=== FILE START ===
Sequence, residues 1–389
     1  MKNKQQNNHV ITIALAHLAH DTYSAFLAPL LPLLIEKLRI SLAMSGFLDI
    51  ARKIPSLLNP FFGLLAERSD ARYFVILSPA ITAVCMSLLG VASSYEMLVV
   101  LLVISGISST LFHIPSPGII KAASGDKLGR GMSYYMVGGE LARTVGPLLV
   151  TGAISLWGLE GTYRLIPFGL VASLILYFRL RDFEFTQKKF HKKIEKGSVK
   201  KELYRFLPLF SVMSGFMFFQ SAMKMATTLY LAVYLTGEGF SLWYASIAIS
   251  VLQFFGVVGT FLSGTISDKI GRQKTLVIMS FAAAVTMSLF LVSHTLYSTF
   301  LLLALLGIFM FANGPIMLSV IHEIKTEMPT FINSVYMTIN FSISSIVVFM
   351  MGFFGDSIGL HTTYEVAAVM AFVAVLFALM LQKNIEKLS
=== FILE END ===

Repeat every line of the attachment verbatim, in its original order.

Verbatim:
Sequence, residues 1–389
     1  MKNKQQNNHV ITIALAHLAH DTYSAFLAPL LPLLIEKLRI SLAMSGFLDI
    51  ARKIPSLLNP FFGLLAERSD ARYFVILSPA ITAVCMSLLG VASSYEMLVV
   101  LLVISGISST LFHIPSPGII KAASGDKLGR GMSYYMVGGE LARTVGPLLV
   151  TGAISLWGLE GTYRLIPFGL VASLILYFRL RDFEFTQKKF HKKIEKGSVK
   201  KELYRFLPLF SVMSGFMFFQ SAMKMATTLY LAVYLTGEGF SLWYASIAIS
   251  VLQFFGVVGT FLSGTISDKI GRQKTLVIMS FAAAVTMSLF LVSHTLYSTF
   301  LLLALLGIFM FANGPIMLSV IHEIKTEMPT FINSVYMTIN FSISSIVVFM
   351  MGFFGDSIGL HTTYEVAAVM AFVAVLFALM LQKNIEKLS